Rumors are flying about Microsoft's plans to reveal its newest operating system (OS) —Windows 9 — at its annual Build conference in April. The speculation comes just in advance of ticket sales for Build 2014, which runs April 2 through 4 at the Moscone Center in San Francisco.
For a while now, we have been hearing about Project Threshold, Microsoft's rapid update development of its OS. The expectation now is that Threshold will be renamed Windows 9, rather than a further Windows 8.x update.
What will Windows 9 offer that's new and exciting enough to get the user-base upgrading again? For CIOs and content creators, will it be just another fragmented headache? And can Microsoft address the demands of an increasingly frustrated partner base that continues to see sales shrink?
Building the Next Windows
It doesn't seem like it, thanks to the continued hardware launches, rolling hype and effective relaunch with Windows 8.1. But Windows 8 has been officially available for some 16 months and playable in various betas/previews for more than two years.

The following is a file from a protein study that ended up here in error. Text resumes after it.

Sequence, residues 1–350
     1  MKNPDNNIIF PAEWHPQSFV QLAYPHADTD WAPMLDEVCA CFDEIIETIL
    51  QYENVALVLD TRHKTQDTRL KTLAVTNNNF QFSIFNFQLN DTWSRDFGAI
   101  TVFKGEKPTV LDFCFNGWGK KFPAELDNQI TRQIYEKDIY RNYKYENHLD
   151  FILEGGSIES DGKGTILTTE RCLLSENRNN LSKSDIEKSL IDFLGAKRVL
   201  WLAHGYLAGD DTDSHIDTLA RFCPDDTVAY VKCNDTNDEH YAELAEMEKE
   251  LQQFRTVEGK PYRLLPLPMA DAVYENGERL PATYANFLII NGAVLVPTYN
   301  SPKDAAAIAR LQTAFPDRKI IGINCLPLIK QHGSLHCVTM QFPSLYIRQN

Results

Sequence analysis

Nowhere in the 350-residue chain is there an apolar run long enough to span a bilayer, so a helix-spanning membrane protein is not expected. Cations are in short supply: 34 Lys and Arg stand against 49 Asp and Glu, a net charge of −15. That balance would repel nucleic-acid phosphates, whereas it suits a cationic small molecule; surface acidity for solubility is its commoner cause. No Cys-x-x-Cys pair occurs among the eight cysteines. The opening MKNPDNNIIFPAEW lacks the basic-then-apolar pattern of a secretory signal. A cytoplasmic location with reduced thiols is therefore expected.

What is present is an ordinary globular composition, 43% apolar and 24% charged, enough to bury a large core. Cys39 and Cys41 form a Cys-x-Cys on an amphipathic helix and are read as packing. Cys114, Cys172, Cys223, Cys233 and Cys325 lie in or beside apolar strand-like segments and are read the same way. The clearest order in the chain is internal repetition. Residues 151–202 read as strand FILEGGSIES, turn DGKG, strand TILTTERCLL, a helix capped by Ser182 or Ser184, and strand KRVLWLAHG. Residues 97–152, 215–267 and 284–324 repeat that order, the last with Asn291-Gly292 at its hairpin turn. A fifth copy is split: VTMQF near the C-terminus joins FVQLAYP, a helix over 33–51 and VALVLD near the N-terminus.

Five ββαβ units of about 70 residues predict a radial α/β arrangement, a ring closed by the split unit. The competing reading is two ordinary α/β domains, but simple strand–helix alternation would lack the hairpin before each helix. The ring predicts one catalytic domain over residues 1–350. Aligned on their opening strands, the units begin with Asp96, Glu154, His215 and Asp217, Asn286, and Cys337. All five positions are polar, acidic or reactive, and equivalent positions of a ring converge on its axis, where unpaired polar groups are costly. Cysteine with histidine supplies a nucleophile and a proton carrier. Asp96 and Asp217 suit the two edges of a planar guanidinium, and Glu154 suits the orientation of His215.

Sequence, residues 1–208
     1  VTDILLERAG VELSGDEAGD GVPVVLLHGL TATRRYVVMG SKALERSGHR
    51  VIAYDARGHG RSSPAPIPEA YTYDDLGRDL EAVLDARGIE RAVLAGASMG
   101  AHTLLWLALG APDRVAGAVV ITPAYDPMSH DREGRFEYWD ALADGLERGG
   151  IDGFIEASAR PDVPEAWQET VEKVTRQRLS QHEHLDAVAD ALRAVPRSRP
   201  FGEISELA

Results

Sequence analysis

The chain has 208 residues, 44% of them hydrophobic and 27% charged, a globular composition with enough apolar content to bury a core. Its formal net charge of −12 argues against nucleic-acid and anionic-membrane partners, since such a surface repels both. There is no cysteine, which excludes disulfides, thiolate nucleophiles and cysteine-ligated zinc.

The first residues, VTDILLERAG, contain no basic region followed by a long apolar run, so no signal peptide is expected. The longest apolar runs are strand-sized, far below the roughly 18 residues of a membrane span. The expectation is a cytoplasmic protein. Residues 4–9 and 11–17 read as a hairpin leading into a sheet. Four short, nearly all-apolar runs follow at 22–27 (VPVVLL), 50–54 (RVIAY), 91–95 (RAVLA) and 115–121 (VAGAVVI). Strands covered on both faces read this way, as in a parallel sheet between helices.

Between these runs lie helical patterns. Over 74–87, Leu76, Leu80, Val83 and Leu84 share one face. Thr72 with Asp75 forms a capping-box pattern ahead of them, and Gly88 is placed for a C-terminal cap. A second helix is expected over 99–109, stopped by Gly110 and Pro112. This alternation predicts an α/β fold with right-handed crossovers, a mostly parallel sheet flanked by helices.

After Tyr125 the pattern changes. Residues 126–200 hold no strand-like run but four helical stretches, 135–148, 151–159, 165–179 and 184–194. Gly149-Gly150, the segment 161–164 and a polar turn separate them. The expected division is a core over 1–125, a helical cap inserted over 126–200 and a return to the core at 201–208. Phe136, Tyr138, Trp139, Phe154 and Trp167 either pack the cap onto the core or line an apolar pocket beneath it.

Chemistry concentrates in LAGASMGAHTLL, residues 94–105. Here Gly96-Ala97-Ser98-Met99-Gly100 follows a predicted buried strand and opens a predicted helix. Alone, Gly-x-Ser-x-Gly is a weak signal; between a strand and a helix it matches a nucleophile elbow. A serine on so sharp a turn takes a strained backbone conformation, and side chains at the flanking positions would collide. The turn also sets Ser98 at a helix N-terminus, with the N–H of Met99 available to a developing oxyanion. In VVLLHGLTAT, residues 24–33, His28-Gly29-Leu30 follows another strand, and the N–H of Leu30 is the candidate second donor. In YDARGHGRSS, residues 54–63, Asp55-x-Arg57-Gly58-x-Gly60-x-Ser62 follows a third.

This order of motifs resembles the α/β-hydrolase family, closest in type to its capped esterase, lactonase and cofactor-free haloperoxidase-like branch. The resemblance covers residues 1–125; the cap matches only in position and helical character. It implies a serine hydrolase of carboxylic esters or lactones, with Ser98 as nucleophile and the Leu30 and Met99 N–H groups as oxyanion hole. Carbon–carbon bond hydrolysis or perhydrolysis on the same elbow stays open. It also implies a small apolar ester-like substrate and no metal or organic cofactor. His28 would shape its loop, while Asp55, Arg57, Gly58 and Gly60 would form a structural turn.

At its upcoming Build conference, Microsoft is likely to keep the rapid-fire tempo going with an official unveiling of what we have known to date as Threshold. The project will be renamed Windows 9, according to well-placed rumors, with a launch slated for April 2015 — in time for Windows' 30th anniversary.
There is a chance the preview of Windows 9 could be available for the launch of the Surface 3 and Surface Mini tablets. Changing the name of the OS could help Microsoft move past the mixed reaction to Windows 8 and provide a clean platform for a relaunch.
Developers and content creators will be keen to see if Windows 9 expands the opportunities to push their apps and information to users in an easier or evolved manner beyond increasingly confused Marketplaces and app/site/stream hybrids.
Registration for Build 2014 begins tomorrow at 9 a.m. PST. Despite the cost — tickets are $2,095, the same price as last year — the event is likely to sell out within a day.
Is Windows Digging Out or Into Trouble?
Windows 8 was revealed at Build 2011, wowing the world with its appearance on ARM-based tablets and desktops. Since then, things have spiralled downhill as hardware sales declined and OS adoption failed to match expectations. Microsoft took several retrograde steps with Windows 8.1, reintroducing a start button and allowing the OS to boot to Windows desktop.